This folksy blues number started out its life as a very simple chord progression and melody combination that quickly took on a life of its own once I let it. Originally dubbed “Launch” (and available as such on the limited edition Preliminary Results digital album), the song was renamed “Blood And Flesh By Pint and Pound” once I started to flesh it out. No pun intended, I swear. Regardless, that all seemed a bit too gruesome, so “By Pint and Pound” it became, with the above story snippet of the market scene (inspired by the Floating Market in Neil Gaiman’s Neverwhere series) to fill things out. This song also marks another appearance by the Wavedrum in addition to being the debut of another new instrument for a Psycliq project: an acoustic guitar. Is the future of Psycliq made of wood and skins?

Dustwood

A lonely stop on the side of a dry and forgotten highway. The road stretches off into the distance in either direction and shows no sign of wavering around any obstacle, visible or otherwise. Strangely enough, you are far from alone here; but it is clear that you are not nearly cracked by the sun enough to fit in.

“You must be new in town. Pull up a seat, son.”

Ever since I first penned this blues track, I felt it really wanted to be road music in a film, played over a dusty and forgotten local watering hole. An old cowboy town, perhaps, but one where pickup trucks and motorcycles were preferred over horses. I had a hard time mixing this song, for some reason or another. I just couldn’t quite get the different themes to stand out without smashing over each other. Also had issues with the ending, and didn’t get that to work until nearly the last minute. I think I finally got it all to fit appropriately, though it’s times like this that have made me really wish I could work with a producer and mixing engineer. Maybe when I’m rich and famous someday, right? Interestingly, the electric guitar sounds in this are all from the Silvertone. Man, that thing is versatile.

 

Stay tuned for the last and final volume of my notes for Results Not Typical. I promise that I’ll try not to let it take quite so many weeks in between this time.

Music

Track Notes Vol 1.2

Welcome to part 2 of the first installment of Track Notes, wherein I take a few minutes to talk about songs from the latest album, giving you a brief glimpse inside of my head. At this rate, I’ll have four total parts here to get through all of the stuff on Results Not Typical.

But before I get into that, I just want to take an opportunity to get you plugged into The Electric Goodies Newsletter. Subscribers have already gotten six free MP3s of behind-the-scenes works in progress. I’m also running a small contest available to list subscribers only. Join today, check out the archives, and have fun!

Ghosts of Persistence

Sometimes echoes of the past remain long after the presence of memory was last called upon.

This is one of those lilting progressions that I came up with just sitting at the piano one evening. Thankfully, I keep a small digital recorder sitting on top of said piano to capture the neat things like this that decide to show up. I was trying to figure out what to do with this bit, but it kept wanting to stand on its own. The bridge in the middle keeps it from becoming a completely repetitive affair.

Unfurled

As the sun sets on another day, you feel everything that had once bothered you begin to melt in the crimson rays that bathe the horizon. Breath slowly comes easier, deeper. The universe is yours to contemplate as your mind and soul unwrap and spread, billowing into the breeze. Contemplation is now your only goal, until the sun should choose to meet you again.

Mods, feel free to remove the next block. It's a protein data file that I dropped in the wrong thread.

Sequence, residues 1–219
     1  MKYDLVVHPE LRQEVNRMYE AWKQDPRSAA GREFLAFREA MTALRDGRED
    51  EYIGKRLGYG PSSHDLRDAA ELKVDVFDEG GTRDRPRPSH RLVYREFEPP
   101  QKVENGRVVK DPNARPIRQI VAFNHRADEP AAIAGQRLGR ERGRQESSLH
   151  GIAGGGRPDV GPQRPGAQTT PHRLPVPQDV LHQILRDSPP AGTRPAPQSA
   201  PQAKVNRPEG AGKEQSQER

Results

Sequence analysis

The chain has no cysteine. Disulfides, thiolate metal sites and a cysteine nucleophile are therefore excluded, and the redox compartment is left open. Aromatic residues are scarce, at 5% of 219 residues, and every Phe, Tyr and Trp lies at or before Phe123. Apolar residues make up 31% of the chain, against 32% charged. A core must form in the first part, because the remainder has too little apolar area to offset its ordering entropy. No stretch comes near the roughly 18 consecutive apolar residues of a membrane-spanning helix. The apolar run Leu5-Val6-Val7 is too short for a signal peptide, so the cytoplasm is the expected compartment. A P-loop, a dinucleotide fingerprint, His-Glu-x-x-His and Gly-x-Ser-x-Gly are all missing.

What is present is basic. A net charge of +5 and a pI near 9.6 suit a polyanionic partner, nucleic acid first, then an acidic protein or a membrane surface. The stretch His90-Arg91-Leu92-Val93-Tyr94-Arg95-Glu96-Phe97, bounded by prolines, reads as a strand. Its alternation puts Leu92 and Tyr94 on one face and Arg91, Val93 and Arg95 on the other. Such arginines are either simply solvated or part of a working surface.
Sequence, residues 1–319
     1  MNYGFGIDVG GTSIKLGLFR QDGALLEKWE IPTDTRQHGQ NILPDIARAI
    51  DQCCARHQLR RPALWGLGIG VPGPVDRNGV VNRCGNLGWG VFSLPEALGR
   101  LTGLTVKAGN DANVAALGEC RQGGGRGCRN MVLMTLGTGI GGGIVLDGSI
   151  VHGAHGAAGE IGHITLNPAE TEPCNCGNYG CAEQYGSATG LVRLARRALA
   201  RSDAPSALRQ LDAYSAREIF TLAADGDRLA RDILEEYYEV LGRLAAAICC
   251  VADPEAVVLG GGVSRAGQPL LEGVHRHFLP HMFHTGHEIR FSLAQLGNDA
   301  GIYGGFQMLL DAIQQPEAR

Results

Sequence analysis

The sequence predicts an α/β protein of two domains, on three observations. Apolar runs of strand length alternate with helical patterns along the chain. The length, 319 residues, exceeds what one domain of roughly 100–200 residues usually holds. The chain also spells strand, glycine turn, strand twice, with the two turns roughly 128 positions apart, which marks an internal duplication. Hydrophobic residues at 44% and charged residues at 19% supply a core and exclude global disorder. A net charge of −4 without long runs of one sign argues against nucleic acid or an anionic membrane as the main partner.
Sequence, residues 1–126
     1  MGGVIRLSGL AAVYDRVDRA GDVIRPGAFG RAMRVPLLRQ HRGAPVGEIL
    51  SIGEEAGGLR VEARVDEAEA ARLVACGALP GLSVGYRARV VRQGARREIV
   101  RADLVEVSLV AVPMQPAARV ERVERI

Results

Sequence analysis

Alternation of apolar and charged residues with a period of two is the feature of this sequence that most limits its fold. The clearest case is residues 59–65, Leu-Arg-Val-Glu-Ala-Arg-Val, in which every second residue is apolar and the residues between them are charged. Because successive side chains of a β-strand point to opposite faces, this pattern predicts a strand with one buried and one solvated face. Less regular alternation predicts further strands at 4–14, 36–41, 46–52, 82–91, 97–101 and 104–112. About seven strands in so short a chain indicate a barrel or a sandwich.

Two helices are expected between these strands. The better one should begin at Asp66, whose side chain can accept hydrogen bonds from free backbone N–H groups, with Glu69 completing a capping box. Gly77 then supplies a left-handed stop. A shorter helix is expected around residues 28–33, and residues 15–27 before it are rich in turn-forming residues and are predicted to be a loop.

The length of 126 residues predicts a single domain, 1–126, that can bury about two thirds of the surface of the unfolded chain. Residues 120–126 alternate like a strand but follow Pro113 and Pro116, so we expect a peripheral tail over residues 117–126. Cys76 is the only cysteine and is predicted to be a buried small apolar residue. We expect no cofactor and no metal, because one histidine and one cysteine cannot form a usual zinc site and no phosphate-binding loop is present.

This is a song of quiet reflection, with the complexities of a day’s thoughts shown by layered and extended chords. You really should listen to this one with your eyes closed while taking a deep, slow breath. Or maybe a few breaths, as this is the longest song on the album. It’s also one of only a couple songs I’ve ever produced without a metronome of any kind. I actually tried to clean it up and quantize things when I first recorded it, but doing so completely destroyed the soft and loosening feel of the original demo. So here you have it, wobbly tempo, mashed chords, and all.

Whether or Not

Some choices in life are simple. To be or not to be, to do or not to do. And some things remain unaffected by these choices, a steady constant in a stream of binary waverings.

One of the things I really like about this song is that the left hand of the piano is fairly constant the whole song, never actually changing the bass note. It’s entirely up to the right hand to add tone and color, and it makes the otherwise steadfast left hand take on a whole new and exciting life in context.

Ligature/Signature

When is a signature something more? When it is a flourish of personality completely tying itself to the heart and drive of the one whose hand is the only that could truly make it. A flourish in life that identifies more so than the words it makes.

This goofy little tune is really an excuse for me to pay homage to ragtime, honkeytonk, and hot jazz. I like the off-kilter chord progression, and it was one of the first times I’d tried for some of the weirder harmonics in a song. Somehow, it still sounds OK. Also, the piano was a bit tricky to get to sound right and fit with the feel of the track, but I think the chorusing does its job well there. As cheesy as it is, it’s the kind of song that I think would be a blast to play live with a jazz trio sometime.

The Clock on the Wall in Limbo

The longest wait in the most boring waiting room in the universe. You watch the clock wondering if the ticking will ever stop. Here, it does not.

This was a literal 11th-hour addition to the album, replacing another track that I had planned but scrapped at the last minute since it wasn’t working out at all. That’s always a hard thing to do, but it’s important to know when something isn’t working. Maybe that other song will come back later. I like the simple, loopable 12-bar blues on this one, and the melody and bassline that counter each other and play off each other’s rhythm. Fun fact: this was recorded with a single sound patch from my Korg X3, with the bass in the left hand and the vibes in the right. I nearly added drums and some other stuff on top of it, and even almost put a ticking clock effect in there, but in the end I’m very glad I didn’t.

Stay tuned, parts 3 and 4 will be coming soon!